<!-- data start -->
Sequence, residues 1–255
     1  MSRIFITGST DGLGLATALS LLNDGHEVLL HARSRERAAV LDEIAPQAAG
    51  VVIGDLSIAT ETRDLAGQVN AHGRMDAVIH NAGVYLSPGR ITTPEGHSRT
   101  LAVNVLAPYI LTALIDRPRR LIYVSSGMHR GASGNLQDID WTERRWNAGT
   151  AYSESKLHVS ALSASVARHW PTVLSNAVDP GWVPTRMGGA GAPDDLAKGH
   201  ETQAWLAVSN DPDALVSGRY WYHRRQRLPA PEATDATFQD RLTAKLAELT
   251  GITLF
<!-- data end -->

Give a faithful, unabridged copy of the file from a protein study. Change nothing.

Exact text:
Sequence, residues 1–255
     1  MSRIFITGST DGLGLATALS LLNDGHEVLL HARSRERAAV LDEIAPQAAG
    51  VVIGDLSIAT ETRDLAGQVN AHGRMDAVIH NAGVYLSPGR ITTPEGHSRT
   101  LAVNVLAPYI LTALIDRPRR LIYVSSGMHR GASGNLQDID WTERRWNAGT
   151  AYSESKLHVS ALSASVARHW PTVLSNAVDP GWVPTRMGGA GAPDDLAKGH
   201  ETQAWLAVSN DPDALVSGRY WYHRRQRLPA PEATDATFQD RLTAKLAELT
   251  GITLF